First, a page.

Concerning your second bullet: the programmer can help the compiler/linker by writing cache-friendly code that is compact and essentially inline i e with as few jumps and calls within it. Concerning the fourth bullet: it is not easy but it is by no means impossible.
Oct
25
comment Is performance worse when putting database to a dedicated server?
@rinogo: you obviously haven't encountered an overloaded DB-server. When clients send requests that time out after a minute even though the DB-server's RAM-cache is larger than the actual data in the DB? Of course the server is designed for handling complex queries but does that mean that less competent, indifferent or lazy architects and programmers can't bring it to it's knees? Of course not. They do bring it to its knees, it happens everywhere and all the time. It's a question of safety margin: testing solutions beforehand, access rules, following up on performance, keeping amateurs out.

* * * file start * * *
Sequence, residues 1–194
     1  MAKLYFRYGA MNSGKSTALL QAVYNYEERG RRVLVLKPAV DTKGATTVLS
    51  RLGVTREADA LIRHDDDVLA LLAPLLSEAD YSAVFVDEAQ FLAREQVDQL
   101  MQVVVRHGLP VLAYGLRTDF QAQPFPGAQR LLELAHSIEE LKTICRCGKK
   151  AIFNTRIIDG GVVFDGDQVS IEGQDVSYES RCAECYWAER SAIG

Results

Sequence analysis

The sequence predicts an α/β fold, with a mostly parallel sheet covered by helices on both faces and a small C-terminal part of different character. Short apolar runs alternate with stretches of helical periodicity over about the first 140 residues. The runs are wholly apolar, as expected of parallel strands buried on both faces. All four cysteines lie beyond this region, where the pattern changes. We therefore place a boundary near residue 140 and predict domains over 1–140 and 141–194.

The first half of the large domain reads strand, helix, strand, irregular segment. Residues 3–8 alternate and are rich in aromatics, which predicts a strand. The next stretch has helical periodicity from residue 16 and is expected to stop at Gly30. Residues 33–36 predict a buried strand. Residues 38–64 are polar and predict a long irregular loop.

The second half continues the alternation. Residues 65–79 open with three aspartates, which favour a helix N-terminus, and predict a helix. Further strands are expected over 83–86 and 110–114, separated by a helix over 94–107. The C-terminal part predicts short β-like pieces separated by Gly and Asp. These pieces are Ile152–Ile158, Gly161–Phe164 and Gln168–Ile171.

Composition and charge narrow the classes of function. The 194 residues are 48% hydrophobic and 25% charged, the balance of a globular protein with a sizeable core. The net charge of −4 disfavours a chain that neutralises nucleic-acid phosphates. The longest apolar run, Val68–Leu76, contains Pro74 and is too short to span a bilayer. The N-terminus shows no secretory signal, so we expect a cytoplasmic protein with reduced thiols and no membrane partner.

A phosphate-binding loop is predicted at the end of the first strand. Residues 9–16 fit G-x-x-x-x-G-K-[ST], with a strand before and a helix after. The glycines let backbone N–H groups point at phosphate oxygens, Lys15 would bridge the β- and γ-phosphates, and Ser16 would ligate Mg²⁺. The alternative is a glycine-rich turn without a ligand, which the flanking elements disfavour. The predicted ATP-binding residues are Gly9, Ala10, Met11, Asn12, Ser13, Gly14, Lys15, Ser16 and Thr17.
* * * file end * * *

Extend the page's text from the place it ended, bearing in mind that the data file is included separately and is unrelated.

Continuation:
Oct
22
comment The fastest way to retrieve 16k Key-Value pairs?
@RocketRoy: sure, where do I send it (750KiB)? Is there an email service within stackoverflow? Lokked but didn't find one.
Oct
17
comment The fastest way to retrieve 16k Key-Value pairs?
@RocketRoy: cacheing must certainly be taken into account although in this particular application an average of 60 clock cycles per generic search or 36-42 in a hard-coded one is not bettered without effort. My example xors the index to lessen the impact of caches, a form of randomizing access to the pairs.
Oct
9
comment The fastest way to retrieve 16k Key-Value pairs?
@RocketRoy: I'm looking forward to it!
Oct
8
comment The fastest way to retrieve 16k Key-Value pairs?
@RocketRoy: you'll find them towards the end. Average number of comparisons, max number of rehashes and average number of cpu cycles
Oct
8
comment The fastest way to retrieve 16k Key-Value pairs?